Personal history programmes involving celebs work surprisingly well: I see that Channel 4 have got a series coming up in which four actors will be looking into their grandparents’ wartime experiences. This one made some very important points about how the focus on the Western European theatre of the Second World War means that the contributions of those who served on other fronts, and in different ways, tends to be overlooked. Gary Lineker’s got rather annoying in recent years, but he did a great job here, examining his maternal grandad’s service in the Royal Army Medical Corps during the brutal Italian campaign of 1943-45, and hearing first-hand about the fighting from both surviving veterans and local people.
The real stars of the show were the veterans, the youngest now well into their 90s. One of them, William Earl, is 104 … and took care to inform Gary that he’s been supporting Arsenal for 95 years. Just an ordinary man, who got caught up in extraordinary circumstances – just like Gary’s grandad, Stanley Abbs, a grocer’s assistant with no medical or military experience, who was assigned to the medical corps and was amongst the first British troops to arrive in Italy.
Like a lot of us, Gary grew up with much-loved grandfathers and great-uncles who never spoke about their wartime experiences, and he was actually reduced to tears by accounts, mostly from regimental diaries, of the fighting and just how horrific it was. And, as he said throughout the programme, so little attention is paid to the Italian campaign. Veterans wryly refer to themselves as “the D-Day Dodgers”, because they feel that that’s how they were seen.
It’s not just those who served in Italy: it’s those who served everywhere else as well. We’re always reminded that it’s the anniversary of VE Day, but rarely that it’s the anniversary of VJ Day. And we hear next to nothing about those who were involved in the Balkans, or on the Arctic convoys. It’s very important to remember that the Second World War wasn’t just about Western Europe and North Africa, and it’s shameful that these brave men have been made to feel that their contribution, and that of their many comrades who lost their lives, has been overlooked.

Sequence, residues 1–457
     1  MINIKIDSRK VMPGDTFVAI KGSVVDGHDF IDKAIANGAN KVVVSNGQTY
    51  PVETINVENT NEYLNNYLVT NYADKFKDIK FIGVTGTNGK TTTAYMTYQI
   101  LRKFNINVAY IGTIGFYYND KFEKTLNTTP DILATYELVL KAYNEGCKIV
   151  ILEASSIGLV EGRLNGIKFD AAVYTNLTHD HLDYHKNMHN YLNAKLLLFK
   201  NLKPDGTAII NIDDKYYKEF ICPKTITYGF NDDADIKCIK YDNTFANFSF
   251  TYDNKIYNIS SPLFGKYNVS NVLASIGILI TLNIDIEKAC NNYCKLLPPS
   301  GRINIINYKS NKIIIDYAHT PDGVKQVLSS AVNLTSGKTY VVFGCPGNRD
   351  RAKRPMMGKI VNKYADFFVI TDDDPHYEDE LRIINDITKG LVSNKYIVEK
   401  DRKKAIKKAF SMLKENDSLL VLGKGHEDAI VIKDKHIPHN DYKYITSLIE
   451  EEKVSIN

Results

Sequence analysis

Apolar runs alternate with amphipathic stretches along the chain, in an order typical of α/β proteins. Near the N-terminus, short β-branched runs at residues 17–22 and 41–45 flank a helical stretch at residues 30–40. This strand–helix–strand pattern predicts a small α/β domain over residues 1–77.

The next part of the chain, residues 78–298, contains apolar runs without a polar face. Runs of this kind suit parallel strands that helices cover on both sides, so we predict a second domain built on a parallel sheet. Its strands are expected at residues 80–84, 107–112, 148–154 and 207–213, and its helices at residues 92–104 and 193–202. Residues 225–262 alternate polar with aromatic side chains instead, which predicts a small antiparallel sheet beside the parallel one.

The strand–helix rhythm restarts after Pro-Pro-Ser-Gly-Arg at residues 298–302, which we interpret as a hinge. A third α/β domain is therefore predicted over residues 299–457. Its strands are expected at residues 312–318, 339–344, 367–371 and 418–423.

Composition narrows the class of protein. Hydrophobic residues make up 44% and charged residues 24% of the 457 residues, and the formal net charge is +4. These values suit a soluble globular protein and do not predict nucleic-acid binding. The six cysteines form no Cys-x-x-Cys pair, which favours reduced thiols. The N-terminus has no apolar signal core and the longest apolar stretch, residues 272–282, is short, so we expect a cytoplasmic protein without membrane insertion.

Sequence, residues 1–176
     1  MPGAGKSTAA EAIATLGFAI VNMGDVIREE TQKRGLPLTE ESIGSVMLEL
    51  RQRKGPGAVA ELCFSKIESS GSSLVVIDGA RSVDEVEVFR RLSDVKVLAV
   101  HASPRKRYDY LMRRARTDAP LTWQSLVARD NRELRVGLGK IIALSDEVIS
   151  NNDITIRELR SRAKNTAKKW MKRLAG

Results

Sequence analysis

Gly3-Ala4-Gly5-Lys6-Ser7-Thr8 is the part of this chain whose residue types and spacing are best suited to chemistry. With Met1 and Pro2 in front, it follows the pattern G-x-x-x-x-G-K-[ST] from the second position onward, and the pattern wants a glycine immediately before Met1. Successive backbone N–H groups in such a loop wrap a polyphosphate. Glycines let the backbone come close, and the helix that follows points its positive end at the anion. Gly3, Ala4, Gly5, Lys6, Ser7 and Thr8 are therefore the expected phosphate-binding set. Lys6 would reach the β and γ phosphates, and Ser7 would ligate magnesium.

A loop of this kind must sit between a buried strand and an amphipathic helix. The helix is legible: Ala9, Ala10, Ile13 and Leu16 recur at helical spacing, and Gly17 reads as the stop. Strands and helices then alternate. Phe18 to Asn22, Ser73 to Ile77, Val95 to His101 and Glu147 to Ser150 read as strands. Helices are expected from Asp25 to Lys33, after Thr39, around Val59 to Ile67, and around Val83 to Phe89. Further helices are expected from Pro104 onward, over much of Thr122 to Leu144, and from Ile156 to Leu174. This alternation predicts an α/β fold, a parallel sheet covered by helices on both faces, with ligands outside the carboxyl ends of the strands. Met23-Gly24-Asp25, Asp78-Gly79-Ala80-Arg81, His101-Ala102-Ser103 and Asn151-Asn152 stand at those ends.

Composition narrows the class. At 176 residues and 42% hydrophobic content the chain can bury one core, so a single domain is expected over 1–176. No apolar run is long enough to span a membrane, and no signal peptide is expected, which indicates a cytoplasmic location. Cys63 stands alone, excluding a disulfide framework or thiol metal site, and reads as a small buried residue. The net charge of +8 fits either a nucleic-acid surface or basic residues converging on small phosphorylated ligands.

And, again, it’s important to remember the contribution of those who, like Gary’s grandad, weren’t directly involved in the fighting. As was pointed out, members of the medical corps had to go out under fire without even any weapons to try to defend themselves, and make horrifically difficult decisions, out there on the battlefield, about who to treat and who they were just going to have to leave. So many people, in so many places, played a vital part in winning the war, and every single one of them deserves to have their contribution remembered. This very moving programme made that point extremely well.
I did see one review which said that, whilst this was a very well-made and well-meaning programme, it might have been an idea to have done something similar with a presenter more likely to appeal to people in their teens and twenties, who are less likely to be familiar with the sacrifices made by those who served in the war. That made me feel extremely old, and it wasn’t very flattering to poor Gary either, but it was an interesting point. The programme wouldn’t have worked as well without Gary’s memories of his relationship with his grandad, and a lot of younger celebs aren’t going to have those memories of that generation, but plenty of veterans lived on in the 21st century, and, of course, some of them are still with us now. But it seemed a bit unfair to criticise the programme because its presenter wasn’t a teenybopper icon. And it made me feel really ancient!
I think that what Gary was hoping for was to shine the spotlight on the “D-Day Dodgers” and everything they went through in Italy, and hopefully he’s done that. There’ve been a lot of Second World War programmes this year, and there are more to come, but, with Dresden declaring a “Nazi emergency” earlier this month and some rather unpleasant scenes involving the Polish far right last week, they’re very much needed.